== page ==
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Erika Kauzlarich-Bird: Successful short sales require diligence, hardships

Posted: May 24, 2012 1:55 a.m.
Updated: May 24, 2012 1:55 a.m.

Record-low interest rates and favorable resale prices during first quarter 2012 made housing in California more affordable than at any other time on record.

The California Association of Realtors reported Monday that its Affordability Index rose to 56 percent, meaning that nearly 6-out-of-10 households could afford to purchase a median-priced, existing single-family home. The index is considered the most fundamental measure of housing well-being for homebuyers in the state.

Homebuyers needed to earn a minimum annual income of $55,688 to qualify for the purchase of a $276,040 statewide median-priced, existing single-family home in first quarter 2012.

The monthly payment, including taxes and insurance on a 30-year fixed-rate loan, would be $1,392, assuming a 20-percent down payment and an effective interest rate of 4.16 percent.

The effective composite interest rate in fourth quarter 2011 was 4.30 percent and 4.90 percent in first quarter 2011.
While investors have been busy for a long while, conventional buyers only recently have awakened to the extent of today’s opportunities.

Reports from Realtors throughout the San Fernando and Santa Clarita Valleys say that properly priced homes and condominiums, particularly in entry-level price ranges, frequently attract multiple offers. By the time a property goes into escrow the sales price often is well above the original list price.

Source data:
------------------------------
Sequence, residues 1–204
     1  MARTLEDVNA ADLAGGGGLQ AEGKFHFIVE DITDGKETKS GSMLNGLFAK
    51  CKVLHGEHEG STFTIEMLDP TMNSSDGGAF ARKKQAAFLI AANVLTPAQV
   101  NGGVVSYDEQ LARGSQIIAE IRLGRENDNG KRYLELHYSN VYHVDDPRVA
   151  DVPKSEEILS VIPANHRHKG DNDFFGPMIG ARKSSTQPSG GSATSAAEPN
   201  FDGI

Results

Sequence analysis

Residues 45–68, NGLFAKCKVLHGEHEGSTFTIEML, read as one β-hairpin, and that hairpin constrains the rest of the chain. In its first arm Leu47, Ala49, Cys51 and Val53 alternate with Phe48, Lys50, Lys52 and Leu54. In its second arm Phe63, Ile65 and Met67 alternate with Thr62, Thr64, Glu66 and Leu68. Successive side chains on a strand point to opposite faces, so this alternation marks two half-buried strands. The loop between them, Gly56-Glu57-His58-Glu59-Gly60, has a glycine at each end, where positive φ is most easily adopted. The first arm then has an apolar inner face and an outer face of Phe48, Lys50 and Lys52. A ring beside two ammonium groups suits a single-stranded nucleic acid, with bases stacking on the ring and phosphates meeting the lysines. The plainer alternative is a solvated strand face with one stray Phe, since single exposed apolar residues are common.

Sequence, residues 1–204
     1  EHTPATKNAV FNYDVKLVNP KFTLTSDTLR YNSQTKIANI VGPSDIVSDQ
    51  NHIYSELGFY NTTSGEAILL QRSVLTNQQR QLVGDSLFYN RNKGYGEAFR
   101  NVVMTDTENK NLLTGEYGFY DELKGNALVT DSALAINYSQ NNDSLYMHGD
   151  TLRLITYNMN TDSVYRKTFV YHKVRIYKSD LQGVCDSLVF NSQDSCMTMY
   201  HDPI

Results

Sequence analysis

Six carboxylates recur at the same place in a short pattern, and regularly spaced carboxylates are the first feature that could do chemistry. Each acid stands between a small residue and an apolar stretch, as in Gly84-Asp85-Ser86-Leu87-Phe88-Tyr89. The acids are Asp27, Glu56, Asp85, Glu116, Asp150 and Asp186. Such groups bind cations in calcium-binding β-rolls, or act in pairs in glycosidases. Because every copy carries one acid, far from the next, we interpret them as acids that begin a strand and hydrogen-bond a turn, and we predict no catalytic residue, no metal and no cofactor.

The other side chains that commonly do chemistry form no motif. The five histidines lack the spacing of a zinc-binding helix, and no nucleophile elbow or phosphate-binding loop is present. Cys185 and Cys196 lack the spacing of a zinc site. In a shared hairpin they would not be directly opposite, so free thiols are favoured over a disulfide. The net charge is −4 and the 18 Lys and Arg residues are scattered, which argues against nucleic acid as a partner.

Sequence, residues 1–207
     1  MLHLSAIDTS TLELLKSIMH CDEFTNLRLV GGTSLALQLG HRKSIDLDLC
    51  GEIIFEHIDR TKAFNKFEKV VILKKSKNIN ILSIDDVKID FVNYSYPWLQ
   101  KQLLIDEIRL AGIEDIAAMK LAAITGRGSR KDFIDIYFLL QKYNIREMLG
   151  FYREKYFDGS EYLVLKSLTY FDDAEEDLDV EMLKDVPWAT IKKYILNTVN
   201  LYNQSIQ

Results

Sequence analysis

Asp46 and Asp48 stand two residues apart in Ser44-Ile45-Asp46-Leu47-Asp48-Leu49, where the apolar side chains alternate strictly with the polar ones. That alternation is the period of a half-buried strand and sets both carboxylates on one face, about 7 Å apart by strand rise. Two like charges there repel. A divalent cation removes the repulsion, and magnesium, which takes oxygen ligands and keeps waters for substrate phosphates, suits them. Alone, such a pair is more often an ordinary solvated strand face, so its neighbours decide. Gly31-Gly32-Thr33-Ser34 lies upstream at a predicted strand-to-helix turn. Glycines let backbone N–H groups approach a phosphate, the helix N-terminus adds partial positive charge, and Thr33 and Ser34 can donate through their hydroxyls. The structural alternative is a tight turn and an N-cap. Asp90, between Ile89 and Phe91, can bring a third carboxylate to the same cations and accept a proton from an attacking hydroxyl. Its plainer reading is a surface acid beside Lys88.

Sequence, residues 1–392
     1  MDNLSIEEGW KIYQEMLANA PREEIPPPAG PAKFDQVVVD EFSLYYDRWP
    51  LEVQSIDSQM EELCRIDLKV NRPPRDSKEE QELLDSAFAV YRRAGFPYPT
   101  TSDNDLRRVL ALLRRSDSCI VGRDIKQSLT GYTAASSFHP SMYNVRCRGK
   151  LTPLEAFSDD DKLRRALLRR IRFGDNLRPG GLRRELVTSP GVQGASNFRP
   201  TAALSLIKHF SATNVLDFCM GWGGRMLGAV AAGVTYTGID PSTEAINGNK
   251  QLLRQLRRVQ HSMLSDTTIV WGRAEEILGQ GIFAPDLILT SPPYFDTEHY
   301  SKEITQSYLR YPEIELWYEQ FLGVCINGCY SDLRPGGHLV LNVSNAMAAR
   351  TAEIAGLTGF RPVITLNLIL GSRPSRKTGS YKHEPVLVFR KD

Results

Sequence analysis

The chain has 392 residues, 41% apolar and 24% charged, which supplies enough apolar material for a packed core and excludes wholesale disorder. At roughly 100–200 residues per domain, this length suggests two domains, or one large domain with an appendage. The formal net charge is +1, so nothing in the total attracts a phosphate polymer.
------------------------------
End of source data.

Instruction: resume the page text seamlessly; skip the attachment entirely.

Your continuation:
Yet, that window of opportunity already is tightening, especially as the inventory of homes listed for sales falls to record lows. Throughout the San Fernando Valley, for example, first quarter 2012 saw a mere 1,945 average listings per month.
That compares to a 3,034 monthly average through 2011. Even at the worst of the housing meltdown the inventory rose to a monthly average of 6,633 in 2007, yet that was well below the inventory reported in the recession of the early 1990s when the monthly average inventory hit 13,300 in 1992.

Santa Clarita Valley had a mere 1,191 active listings at the end of April, that was down 43.9 percent from a year ago. It represented a mere 2.4-month inventory at the current pace of sales, a low number when a five- to six-month supply is desired.

In the San Francisco Bay Area, housing affordability rose or remained stable in all counties except Contra Costa County, where affordability declined by one percentage point. At 78 percent, San Bernardino County was the most affordable, while San Francisco County was the least affordable, with only 29 percent of households able to purchase the county’s median-priced home.

Los Angeles had 51 percent affordability — up from 46 percent a year ago — while Ventura came in at 50 percent, Riverside County at 66 percent, the Inland Empire at 71 percent, Orange County at 39 percent, and San Diego at 46 percent.

Nonetheless, even with prices bid up, buyers who land a home today enter the market with affordability at a record high and interest rates at a record low.

Erika Kauzlarich-Bird is President of the Santa Clarita Valley Division of the Southland Regional Association of Realtors.

David Walker, of Walker Associates, co-authors articles for SRAR. The column represents SRAR’s views and not necessarily those of The Signal. The column contains general information about the real estate market and is not intended to replace advice from your Realtor or other realty related professionals.


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